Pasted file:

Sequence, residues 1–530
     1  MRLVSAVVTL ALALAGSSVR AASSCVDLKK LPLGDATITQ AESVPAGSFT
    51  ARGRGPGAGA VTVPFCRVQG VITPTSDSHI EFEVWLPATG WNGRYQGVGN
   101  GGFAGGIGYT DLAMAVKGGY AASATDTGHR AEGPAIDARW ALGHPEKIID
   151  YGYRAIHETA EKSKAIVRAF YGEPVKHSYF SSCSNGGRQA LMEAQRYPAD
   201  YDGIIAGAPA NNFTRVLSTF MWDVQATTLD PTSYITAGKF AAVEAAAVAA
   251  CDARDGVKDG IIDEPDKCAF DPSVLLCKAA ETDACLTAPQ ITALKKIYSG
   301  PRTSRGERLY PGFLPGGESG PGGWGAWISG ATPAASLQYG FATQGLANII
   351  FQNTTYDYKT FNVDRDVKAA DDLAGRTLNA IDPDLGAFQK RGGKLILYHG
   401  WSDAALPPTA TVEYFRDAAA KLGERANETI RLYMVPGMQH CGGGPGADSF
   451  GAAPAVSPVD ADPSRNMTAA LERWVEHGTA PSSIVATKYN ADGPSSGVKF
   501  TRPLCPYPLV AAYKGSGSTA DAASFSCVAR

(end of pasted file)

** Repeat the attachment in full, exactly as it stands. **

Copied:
Sequence, residues 1–530
     1  MRLVSAVVTL ALALAGSSVR AASSCVDLKK LPLGDATITQ AESVPAGSFT
    51  ARGRGPGAGA VTVPFCRVQG VITPTSDSHI EFEVWLPATG WNGRYQGVGN
   101  GGFAGGIGYT DLAMAVKGGY AASATDTGHR AEGPAIDARW ALGHPEKIID
   151  YGYRAIHETA EKSKAIVRAF YGEPVKHSYF SSCSNGGRQA LMEAQRYPAD
   201  YDGIIAGAPA NNFTRVLSTF MWDVQATTLD PTSYITAGKF AAVEAAAVAA
   251  CDARDGVKDG IIDEPDKCAF DPSVLLCKAA ETDACLTAPQ ITALKKIYSG
   301  PRTSRGERLY PGFLPGGESG PGGWGAWISG ATPAASLQYG FATQGLANII
   351  FQNTTYDYKT FNVDRDVKAA DDLAGRTLNA IDPDLGAFQK RGGKLILYHG
   401  WSDAALPPTA TVEYFRDAAA KLGERANETI RLYMVPGMQH CGGGPGADSF
   451  GAAPAVSPVD ADPSRNMTAA LERWVEHGTA PSSIVATKYN ADGPSSGVKF
   501  TRPLCPYPLV AAYKGSGSTA DAASFSCVAR